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Revisiting the Americans with Disabilities Act.

The Americans with Disabilities Act ("ADA"), which became effective Jan. 26, 1992, prohibits discrimination against individuals with physical, mental or other disabilities in the areas of employment, public services, public accommodations and telecommunications. The section of this act which is of most interest to those in the real estate and construction industries is Title III relating to Public Accommodations and Commercial Buildings.

Title III requires, among other things, that by Jan. 26, 1992 "readily achievable" measures be taken to remove all architectural or structural barriers to disabled persons from existing places of public accommodations. The term "readily achievable" is defined as "easily accomplished and able to be carried out without much difficulty or expense." Several factors will be considered in determining whether a modification is readily achievable, including the nature and cost of the modification, the financial resources of the party involved, the financial resources of the business, the impact of the modification on the operation of the facility and the effect of the modification on the profitability of the business. To be sure, the outcome of this test will hinge upon subjective determinations by a court of law.

The term "public accommodation" is defined broadly in the statute and includes not only those places traditionally thought to be public, such as hotels, restaurants, theaters, shopping centers, retail stores, hospitals, recreational facilities and a variety of public buildings and spaces such as museums, libraries, galleries and convention centers, but also some places that might otherwise be thought to be private. For example, the offices of professionals like lawyers and accountants, insurance companies, investment advisors, real estate agents and financial and management consultants all appear to fall within the ADA's definition of "public accommodation."

Examples of the types of changes designed to remove architectural or physical barriers from public accommodations include the installation of handicapped access ramps, the repositioning of public telephones, the addition of braille or raised markings on elevator control buttons, the installation of offset hinges to widen doorways, the installation of accessible door hardware, the removal of high-pile-low-density carpeting, and the installation of handicapped toilet facilities.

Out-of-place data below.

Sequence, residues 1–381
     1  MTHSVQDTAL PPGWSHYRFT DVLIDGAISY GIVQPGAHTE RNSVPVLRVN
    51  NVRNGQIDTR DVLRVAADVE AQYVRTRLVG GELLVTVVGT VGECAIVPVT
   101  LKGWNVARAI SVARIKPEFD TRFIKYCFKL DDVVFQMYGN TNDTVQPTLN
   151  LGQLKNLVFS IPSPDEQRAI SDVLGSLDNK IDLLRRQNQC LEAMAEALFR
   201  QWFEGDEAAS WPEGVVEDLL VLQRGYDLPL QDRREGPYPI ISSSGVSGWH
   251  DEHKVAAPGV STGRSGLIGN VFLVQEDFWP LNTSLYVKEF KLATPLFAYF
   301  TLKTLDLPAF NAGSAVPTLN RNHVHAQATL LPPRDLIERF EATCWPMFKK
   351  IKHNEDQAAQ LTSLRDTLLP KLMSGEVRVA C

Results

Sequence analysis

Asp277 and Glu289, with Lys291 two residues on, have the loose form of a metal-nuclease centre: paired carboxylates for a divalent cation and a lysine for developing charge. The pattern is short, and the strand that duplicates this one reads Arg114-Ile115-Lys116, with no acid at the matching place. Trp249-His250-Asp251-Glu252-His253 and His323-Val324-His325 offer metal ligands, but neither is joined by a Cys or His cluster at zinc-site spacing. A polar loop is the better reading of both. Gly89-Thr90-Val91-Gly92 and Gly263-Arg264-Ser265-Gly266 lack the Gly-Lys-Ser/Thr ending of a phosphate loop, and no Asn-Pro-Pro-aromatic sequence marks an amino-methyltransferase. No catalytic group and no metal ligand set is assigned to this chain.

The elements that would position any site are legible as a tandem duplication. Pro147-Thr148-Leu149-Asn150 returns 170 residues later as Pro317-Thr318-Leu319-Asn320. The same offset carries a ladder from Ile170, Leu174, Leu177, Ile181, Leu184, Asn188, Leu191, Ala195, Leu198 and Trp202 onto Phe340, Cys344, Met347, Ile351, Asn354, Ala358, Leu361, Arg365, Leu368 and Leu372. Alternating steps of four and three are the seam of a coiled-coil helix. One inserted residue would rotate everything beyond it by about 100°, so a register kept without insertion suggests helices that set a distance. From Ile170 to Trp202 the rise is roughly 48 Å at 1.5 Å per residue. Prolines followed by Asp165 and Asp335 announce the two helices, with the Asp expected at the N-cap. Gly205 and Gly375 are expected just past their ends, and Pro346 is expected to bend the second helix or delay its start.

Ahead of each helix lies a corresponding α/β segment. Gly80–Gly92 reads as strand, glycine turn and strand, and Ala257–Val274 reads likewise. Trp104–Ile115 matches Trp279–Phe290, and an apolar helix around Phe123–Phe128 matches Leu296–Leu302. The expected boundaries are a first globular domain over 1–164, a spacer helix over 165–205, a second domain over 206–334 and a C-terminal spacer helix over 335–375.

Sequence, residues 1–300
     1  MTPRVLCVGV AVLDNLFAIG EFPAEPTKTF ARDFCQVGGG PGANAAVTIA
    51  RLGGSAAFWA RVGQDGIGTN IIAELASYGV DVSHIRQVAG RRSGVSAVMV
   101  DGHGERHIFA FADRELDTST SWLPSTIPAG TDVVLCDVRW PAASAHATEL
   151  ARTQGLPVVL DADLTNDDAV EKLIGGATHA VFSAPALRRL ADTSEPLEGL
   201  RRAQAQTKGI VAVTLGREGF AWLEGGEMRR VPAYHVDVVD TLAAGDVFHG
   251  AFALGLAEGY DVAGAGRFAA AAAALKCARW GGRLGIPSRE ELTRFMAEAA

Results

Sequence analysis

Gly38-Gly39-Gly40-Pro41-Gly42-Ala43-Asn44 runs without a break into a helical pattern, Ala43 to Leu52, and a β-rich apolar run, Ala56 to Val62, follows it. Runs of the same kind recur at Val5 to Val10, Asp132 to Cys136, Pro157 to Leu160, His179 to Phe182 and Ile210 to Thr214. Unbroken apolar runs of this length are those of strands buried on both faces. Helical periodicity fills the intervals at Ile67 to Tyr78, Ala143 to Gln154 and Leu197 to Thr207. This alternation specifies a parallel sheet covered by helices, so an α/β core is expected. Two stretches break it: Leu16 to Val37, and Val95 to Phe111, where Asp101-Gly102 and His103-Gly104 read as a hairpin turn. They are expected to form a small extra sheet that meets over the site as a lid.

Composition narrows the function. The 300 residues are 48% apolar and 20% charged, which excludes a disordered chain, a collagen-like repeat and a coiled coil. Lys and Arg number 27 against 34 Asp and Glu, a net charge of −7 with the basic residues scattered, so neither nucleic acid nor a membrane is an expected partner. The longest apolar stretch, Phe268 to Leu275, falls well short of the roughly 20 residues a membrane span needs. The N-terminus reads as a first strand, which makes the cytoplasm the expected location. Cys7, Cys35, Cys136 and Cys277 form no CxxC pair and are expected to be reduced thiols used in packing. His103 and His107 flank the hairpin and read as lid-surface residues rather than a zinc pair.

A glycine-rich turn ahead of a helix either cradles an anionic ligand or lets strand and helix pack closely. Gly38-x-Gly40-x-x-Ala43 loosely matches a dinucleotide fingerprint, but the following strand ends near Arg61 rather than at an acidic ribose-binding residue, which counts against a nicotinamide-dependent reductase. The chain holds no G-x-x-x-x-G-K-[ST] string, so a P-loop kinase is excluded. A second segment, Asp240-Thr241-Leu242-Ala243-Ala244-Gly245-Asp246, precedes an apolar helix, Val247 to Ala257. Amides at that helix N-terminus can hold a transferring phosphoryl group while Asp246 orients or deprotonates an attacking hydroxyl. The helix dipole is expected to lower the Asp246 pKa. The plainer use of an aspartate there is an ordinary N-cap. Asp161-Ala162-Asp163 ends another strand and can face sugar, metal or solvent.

In addition to public accommodations, "commercial facilities" are also subject to the operation of the statute. A commercial facility is one whose operations affect commerce and are intended for non-residential use by a private entity. Such facilities are subject to both the new construction and alteration requirements, although not to the other requirements applicable only to places of public accommodation.

Any alterations made to a place of public accommodation or a commercial facility after the effective date of the statute, January 26, 1992, must comply "to the maximum extent feasible" with accessibility and useability requirements. This means that such alterations must be designed and constructed in such a way that they are readily accessible to and useable by individuals with disabilities.

Full compliance with the new construction and alteration requirements is not necessary where it can be demonstrated that it is structurally impracticable to meet the requirements. Structural impracticability applies only in those instances in which the character of the terrain prevents the incorporation of accessibility features.

The term "alterations" as used in this portion of the ADA includes remodeling, renovation, rehabilitation, reconstruction, historic restoration, changes or rearrangement in structural parts or elements, and changes or rearrangement in the plan configuration of walls an full-height partitions. Normal maintenance, re-roofing, painting or wall papering, asbestos removal, or changes to mechanical and electrical systems are not generally considered "alterations" unless they affect the useability of the building or facility. However, tenant space alterations in commercial office buildings require such compliance. The question becomes, of course, who is responsible for such work.